The Passing of Kim Jong-il (2): A Trans-Peninsular Environmental Meditation

By | December 17, 2012 | No Comments

 

Kwaksan tideland reclamation project in North Pyongan Province

Kwaksan tideland reclamation project in North Pyongan Province

A Trans-Peninsular Environmental Meditation

by Robert Winstanley-Chesters

Pushing Back the Tide: Researching the Environment in the DPRK | So far as it is possible given the difficulties presented by the context, this author researches the policy, projects and practice of the DPRK in the field of hydrological engineering, specifically those engaged in the reclamation of coastal and tidal lands. (Particularly persistent and dedicated readers of SinoNK may remember such blockbusters as “Hydrological Engineering, Coastal Land Reclamation and the Multifunctional Paradigm in the DPRK”). Much of what I have researched to date has involved large scale transfers (in a political-ecological sense), of geographic space from one spatial and relational form to another. Such transformations permanently exclude the utilization of these spaces for particular forms of human/environmental encounter, and therefore inevitably alienate populations reliant on said encounters/utilizations for their livelihoods.

However, to date, I have encountered no response from those economically active populations which must surely exist in such spatial areas marked for transfer and development within the DPRK, such as fishermen or those extracting a living from the harvesting of molluscs. It is not apparent to this author that any fisherman or fishing community has ever suggested that the transfer of their sea/estuary access or fishing/extractive grounds into the hands of a reclamation project has disadvantaged them or run counter to their economic or social needs.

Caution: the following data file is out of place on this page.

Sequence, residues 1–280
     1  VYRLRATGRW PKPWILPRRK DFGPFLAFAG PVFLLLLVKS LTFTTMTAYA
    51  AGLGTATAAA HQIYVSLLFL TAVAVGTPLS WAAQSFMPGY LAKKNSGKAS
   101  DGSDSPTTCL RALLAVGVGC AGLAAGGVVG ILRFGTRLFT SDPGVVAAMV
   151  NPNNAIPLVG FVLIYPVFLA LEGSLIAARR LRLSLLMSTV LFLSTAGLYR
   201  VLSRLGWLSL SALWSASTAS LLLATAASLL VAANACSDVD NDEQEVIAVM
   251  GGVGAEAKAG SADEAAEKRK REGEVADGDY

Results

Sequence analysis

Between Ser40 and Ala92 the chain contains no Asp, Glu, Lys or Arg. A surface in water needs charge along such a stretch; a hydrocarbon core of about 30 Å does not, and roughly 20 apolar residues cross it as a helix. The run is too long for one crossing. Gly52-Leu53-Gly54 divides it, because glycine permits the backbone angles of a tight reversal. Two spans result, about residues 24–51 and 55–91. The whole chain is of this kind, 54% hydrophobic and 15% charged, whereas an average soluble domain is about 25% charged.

In fact, this author has never found commentary sourced from either a fishing or other coastal community, living or dead, as to the appropriateness, success or efficacy of any such project in the North. This is of course in-spite of fishing and fishing communities playing an important role in narratives of legitimation generated by the DPRK (see “Korean People, Strong in Faith,” KCNA, 2010 for a classic example), and despite the role that fishing and fishing rights clearly play within regional diplomatic interactions (dare I mention the Northern Limit Line, the demarcation of Japanese maritime boundaries or the fate of Chinese fishermen in the West Sea?).

The absence of visible or documented popular responses to developmental approaches and projects such as tidal reclamation within the DPRK should not be taken as evidence of their absence in toto, of course, for the observance and documentation of politically transgressive occurrences or materials within the North is difficult, to say the least.

But what such an overt absence can perhaps suggest is an absence of such relational approaches to the environmental world within popular societal consciousness north of the 38th parallel, and to extrapolate further, therefore perhaps the absence of such relations. Conversely, in the work of Professor Hahn Han-hee, who focuses in extraordinary detail on human relations and experiences relating to another massive reclamation project, that at Saemangeum on the West Sea coast of the ROK near the tidal port of Gunsan, we can see something akin to the opposite.

3steps1 bow-Korea.preview